193.0.10.249.49744 > 192.5.5.241.53: Flags [.], ack 748, win 8188, options [nop,nop,TS val 172156016 ecr 1909669936], length 0
193.0.10.249.49744 > 192.5.5.241.53: Flags [F.], seq 20, ack 748, win 8192, options [nop,nop,TS val 172156019 ecr 1909669936], length 0
192.5.5.241.53 > 193.0.10.249.49744: Flags [.], ack 21, win 8326, options [nop,nop,TS val 1909669946 ecr 172156019], length 0
193.0.10.249.49744 > 192.5.5.241.53: Flags [.], ack 748, win 8192, options [nop,nop,TS val 172156025 ecr 1909669946], length 0
192.5.5.241.53 > 193.0.10.249.49744: Flags [F.], seq 748, ack 21, win 8326, options [nop,nop,TS val 1909669946 ecr 172156019], length 0
193.0.10.249.49744 > 192.5.5.241.53: Flags [.], ack 749, win 8192, options [nop,nop,TS val 172156025 ecr 1909669946], length 0 

Next let's see how K-root (which runs NSD), responded:

193.0.10.249.49743 > 193.0.14.129.53: Flags [S], seq 2260025309, win 65535, options [mss 1460,nop,wscale 4,nop,nop,TS val 172152327 ecr 0,sackOK,eol], length 0
193.0.14.129.53 > 193.0.10.249.49743: Flags [S.], seq 2528398468, ack 2260025310, win 5792, options [mss 1460,sackOK,TS val 2332945284 ecr 172152327,nop,wscale 2], length 0
193.0.10.249.49743 > 193.0.14.129.53: Flags [.], ack 1, win 8235, options [nop,nop,TS val 172152328 ecr 2332945284], length 0
193.0.10.249.49743 > 193.0.14.129.53: Flags [P.], seq 1:20, ack 1, win 8235, options [nop,nop,TS val 172152328 ecr 2332945284], length 1914386+ SOA? . (17)
193.0.14.129.53 > 193.0.10.249.49743: Flags [.], ack 20, win 1448, options [nop,nop,TS val 2332945285 ecr 172152328], length 0
193.0.14.129.53 > 193.0.10.249.49743: Flags [P.], seq 1:3, ack 20, win 1448, options [nop,nop,TS val 2332945286 ecr 172152328], length 2
193.0.10.249.49743 > 193.0.14.129.53: Flags [.], ack 3, win 8235, options [nop,nop,TS val 172152329 ecr 2332945286], length 0
193.0.14.129.53 > 193.0.10.249.49743: Flags [P.], seq 3:748, ack 20, win 1448, options [nop,nop,TS val 2332945287 ecr 172152329], length 74534048 [b2&3=0x1] [13a] [22n] NS? ^@^A^@^@^F^@.^@.Q.^@@^Aa^Lroot-servers^Cnet^@^Enstld^Lverisign-grs^Ccom^@wM-n;|^@^@^G^H^@^@^CM-^D^@^I:M-^@^@^AQM-^@^@^@^B^@^A^@^GM-i^@^@^BM-@^\^@^@^B^@^A^@^GM-i^@^@^D^AbM-@^^^@^@^B^@^A^@^GM-i^@^@^D^AcM-@^^^@^@^B^@^A^@^GM-i^@^@^D^AdM-@^^^@^@^B^@.^@.M-i^@^@^D^AeM-@.^@^@^B^@^A^@^GM-i^@^@^D^AfM-@^^^@^@^B^@^A^@^GM-i^@^@^D^AgM-@^^. (743)
193.0.10.249.49743 > 193.0.14.129.53: Flags [.], ack 748, win 8188, options [nop,nop,TS val 172152330 ecr 2332945287], length 0
193.0.10.249.49743 > 193.0.14.129.53: Flags [F.], seq 20, ack 748, win 8192, options [nop,nop,TS val 172152332 ecr 2332945287], length 0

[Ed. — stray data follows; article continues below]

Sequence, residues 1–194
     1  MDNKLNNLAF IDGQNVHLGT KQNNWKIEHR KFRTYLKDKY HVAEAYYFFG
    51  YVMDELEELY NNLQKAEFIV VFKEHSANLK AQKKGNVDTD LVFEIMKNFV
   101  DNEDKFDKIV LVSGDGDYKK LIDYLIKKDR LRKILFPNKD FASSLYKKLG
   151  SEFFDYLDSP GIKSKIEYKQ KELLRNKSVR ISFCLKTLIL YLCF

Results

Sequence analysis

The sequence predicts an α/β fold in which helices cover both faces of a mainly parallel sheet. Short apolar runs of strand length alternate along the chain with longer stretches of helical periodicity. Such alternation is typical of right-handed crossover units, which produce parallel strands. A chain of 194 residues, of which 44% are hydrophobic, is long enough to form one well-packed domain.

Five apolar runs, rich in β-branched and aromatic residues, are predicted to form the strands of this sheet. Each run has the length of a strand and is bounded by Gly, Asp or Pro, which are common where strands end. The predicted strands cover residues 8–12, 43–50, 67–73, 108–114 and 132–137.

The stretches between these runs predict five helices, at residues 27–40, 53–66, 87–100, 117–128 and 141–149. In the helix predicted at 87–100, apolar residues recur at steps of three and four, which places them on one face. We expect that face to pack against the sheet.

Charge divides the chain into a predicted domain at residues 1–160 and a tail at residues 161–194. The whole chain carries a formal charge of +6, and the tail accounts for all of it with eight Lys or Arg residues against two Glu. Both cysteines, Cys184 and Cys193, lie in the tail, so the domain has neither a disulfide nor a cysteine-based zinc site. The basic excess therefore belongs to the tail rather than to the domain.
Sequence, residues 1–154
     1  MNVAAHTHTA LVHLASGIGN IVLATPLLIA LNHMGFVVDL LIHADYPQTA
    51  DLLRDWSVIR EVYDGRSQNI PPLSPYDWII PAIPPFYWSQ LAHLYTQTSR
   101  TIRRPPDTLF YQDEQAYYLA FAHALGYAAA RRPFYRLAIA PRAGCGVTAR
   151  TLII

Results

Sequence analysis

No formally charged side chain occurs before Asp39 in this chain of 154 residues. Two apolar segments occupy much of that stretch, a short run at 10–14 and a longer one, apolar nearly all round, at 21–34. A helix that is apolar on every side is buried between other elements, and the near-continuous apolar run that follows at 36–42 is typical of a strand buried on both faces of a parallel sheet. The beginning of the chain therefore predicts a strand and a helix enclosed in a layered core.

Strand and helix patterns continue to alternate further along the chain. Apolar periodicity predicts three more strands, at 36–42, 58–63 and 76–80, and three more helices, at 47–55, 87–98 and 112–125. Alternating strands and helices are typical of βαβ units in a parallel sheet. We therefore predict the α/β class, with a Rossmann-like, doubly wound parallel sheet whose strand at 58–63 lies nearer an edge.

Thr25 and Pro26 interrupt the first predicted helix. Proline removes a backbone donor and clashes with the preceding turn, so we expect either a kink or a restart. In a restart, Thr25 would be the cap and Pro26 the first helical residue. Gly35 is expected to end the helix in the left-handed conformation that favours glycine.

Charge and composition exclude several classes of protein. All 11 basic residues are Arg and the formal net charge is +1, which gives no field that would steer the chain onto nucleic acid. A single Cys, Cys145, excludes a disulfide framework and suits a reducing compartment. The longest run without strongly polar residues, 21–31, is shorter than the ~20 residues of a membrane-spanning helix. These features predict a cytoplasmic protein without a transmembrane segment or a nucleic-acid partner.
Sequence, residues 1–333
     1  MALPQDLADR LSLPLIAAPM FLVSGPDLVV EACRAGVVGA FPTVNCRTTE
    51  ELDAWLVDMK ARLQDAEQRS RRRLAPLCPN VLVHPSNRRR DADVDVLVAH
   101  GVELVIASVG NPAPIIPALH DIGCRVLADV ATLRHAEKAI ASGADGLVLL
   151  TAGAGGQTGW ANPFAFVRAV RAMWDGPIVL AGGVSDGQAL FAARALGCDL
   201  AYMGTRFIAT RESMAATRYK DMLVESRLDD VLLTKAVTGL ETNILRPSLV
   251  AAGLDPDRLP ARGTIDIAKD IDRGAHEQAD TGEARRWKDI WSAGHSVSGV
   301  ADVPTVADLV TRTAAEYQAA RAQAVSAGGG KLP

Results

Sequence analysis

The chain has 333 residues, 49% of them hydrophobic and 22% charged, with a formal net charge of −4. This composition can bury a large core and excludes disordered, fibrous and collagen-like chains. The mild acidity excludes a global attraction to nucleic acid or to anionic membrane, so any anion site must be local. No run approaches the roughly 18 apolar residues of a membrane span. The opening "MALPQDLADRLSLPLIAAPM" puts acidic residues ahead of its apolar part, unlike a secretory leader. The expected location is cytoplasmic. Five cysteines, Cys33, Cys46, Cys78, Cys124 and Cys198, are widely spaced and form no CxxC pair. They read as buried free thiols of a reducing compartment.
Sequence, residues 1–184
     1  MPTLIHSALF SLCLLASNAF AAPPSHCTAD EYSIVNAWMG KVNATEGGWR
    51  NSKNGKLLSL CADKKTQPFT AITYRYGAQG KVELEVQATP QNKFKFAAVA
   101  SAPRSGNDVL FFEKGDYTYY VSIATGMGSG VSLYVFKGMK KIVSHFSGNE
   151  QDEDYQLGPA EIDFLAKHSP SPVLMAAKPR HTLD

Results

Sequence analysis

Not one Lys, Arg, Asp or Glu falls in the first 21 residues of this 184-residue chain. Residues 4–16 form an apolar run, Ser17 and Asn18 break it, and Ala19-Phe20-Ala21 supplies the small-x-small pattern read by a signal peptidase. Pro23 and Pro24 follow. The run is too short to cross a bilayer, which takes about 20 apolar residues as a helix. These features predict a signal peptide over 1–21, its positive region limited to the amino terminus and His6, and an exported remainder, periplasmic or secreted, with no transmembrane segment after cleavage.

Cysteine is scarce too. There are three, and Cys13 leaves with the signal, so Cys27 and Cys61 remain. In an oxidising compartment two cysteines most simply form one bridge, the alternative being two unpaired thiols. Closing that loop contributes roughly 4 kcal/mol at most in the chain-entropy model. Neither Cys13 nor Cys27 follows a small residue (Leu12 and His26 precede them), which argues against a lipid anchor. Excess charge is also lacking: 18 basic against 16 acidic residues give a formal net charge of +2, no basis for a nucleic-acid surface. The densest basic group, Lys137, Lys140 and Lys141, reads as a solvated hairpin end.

193.0.14.129.53 > 193.0.10.249.49743: Flags [F.], seq 748, ack 21, win 1448, options [nop,nop,TS val 2332945292 ecr 172152332], length 0
193.0.10.249.49743 > 193.0.14.129.53: Flags [.], ack 749, win 8192, options [nop,nop,TS val 172152333 ecr 2332945292], length 0 

You can see that BIND responds with a single TCP packet, whereas NSD sends the same type of response in two TCP packets. NSD first sends a TCP packet whose payload is just two bytes (highlighted in bold text), indicating the length of the following DNS message. It then sends the actual DNS message containing the response in a second TCP segment. This means NSD requires an additional round-trip to finish sending a response over TCP.

We brought this difference to the attention of the NSD developers. After some discussion and with a suggestion from one of our colleagues, they decided to make use of the writev() system call. This allows NSD to bundle the two-byte length and the following DNS message into the same TCP response packet. This change was made to NSD in SVN commits 3644 and 3645, and will be part of NSD 3 in release 3.2.14 as well as in the upcoming NSD 4.

C-root

In the graph, C-root also stood out. The ratios for C-root do not show any clear peak at either 2 or 3. Instead, the ratios are spread fairly evenly between 2 and 3. We don't know what's causing this, and we would be interested to hear from you if you know the cause, or have ideas about what may be happening.

Future steps

In a follow-up article we will describe more findings based on these RIPE Atlas queries.

If you have any questions, suggestions or concerns, please post them below!

2 Comments

Greg A. Woods
Greg A. Woods says:
Oct 23, 2012 11:03 PM
An interesting analysis for sure, but I'm rather surprised that nobody had spotted that little 2-byte packet in a direct packet analysis of the TCP responses from NSD that could or should have been done during testing.

It will be most interesting to learn how and why this wasn't spotted earlier.
Bert Wijnen
Bert Wijnen says:
Oct 24, 2012 04:12 PM
From our point of view: The TCP issue wasn't a bug: just sub-optimal. Also, it was already known (and reported on the nsd-users mailing list), but since it wasn't a big deal (TCP performance isn't crucial to a DNS server), there was no urgent need to fix it.